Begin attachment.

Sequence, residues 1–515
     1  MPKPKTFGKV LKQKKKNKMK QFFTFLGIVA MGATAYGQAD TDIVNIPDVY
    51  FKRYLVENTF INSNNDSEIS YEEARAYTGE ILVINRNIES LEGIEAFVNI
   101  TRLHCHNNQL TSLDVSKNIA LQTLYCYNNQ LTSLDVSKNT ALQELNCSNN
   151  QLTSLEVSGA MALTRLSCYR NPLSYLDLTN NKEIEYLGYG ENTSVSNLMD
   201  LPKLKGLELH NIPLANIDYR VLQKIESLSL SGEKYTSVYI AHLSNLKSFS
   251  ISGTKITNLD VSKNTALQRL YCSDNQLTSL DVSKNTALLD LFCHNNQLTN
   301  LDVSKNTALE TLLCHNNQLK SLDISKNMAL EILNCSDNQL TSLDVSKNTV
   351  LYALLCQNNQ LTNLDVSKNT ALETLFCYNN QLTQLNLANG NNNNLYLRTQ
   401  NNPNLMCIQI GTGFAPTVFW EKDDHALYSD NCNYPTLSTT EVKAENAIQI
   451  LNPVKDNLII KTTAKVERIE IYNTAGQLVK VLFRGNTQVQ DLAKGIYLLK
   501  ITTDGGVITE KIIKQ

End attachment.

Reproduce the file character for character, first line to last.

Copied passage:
Sequence, residues 1–515
     1  MPKPKTFGKV LKQKKKNKMK QFFTFLGIVA MGATAYGQAD TDIVNIPDVY
    51  FKRYLVENTF INSNNDSEIS YEEARAYTGE ILVINRNIES LEGIEAFVNI
   101  TRLHCHNNQL TSLDVSKNIA LQTLYCYNNQ LTSLDVSKNT ALQELNCSNN
   151  QLTSLEVSGA MALTRLSCYR NPLSYLDLTN NKEIEYLGYG ENTSVSNLMD
   201  LPKLKGLELH NIPLANIDYR VLQKIESLSL SGEKYTSVYI AHLSNLKSFS
   251  ISGTKITNLD VSKNTALQRL YCSDNQLTSL DVSKNTALLD LFCHNNQLTN
   301  LDVSKNTALE TLLCHNNQLK SLDISKNMAL EILNCSDNQL TSLDVSKNTV
   351  LYALLCQNNQ LTNLDVSKNT ALETLFCYNN QLTQLNLANG NNNNLYLRTQ
   401  NNPNLMCIQI GTGFAPTVFW EKDDHALYSD NCNYPTLSTT EVKAENAIQI
   451  LNPVKDNLII KTTAKVERIE IYNTAGQLVK VLFRGNTQVQ DLAKGIYLLK
   501  ITTDGGVITE KIIKQ